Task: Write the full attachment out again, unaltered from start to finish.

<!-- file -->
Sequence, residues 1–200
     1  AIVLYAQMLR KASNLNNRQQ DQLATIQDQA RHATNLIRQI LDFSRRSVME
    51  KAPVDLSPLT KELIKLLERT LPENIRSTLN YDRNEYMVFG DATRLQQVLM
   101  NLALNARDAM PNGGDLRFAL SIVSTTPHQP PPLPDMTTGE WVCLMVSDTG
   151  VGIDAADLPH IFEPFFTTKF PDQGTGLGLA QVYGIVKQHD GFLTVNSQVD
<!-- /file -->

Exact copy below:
Sequence, residues 1–200
     1  AIVLYAQMLR KASNLNNRQQ DQLATIQDQA RHATNLIRQI LDFSRRSVME
    51  KAPVDLSPLT KELIKLLERT LPENIRSTLN YDRNEYMVFG DATRLQQVLM
   101  NLALNARDAM PNGGDLRFAL SIVSTTPHQP PPLPDMTTGE WVCLMVSDTG
   151  VGIDAADLPH IFEPFFTTKF PDQGTGLGLA QVYGIVKQHD GFLTVNSQVD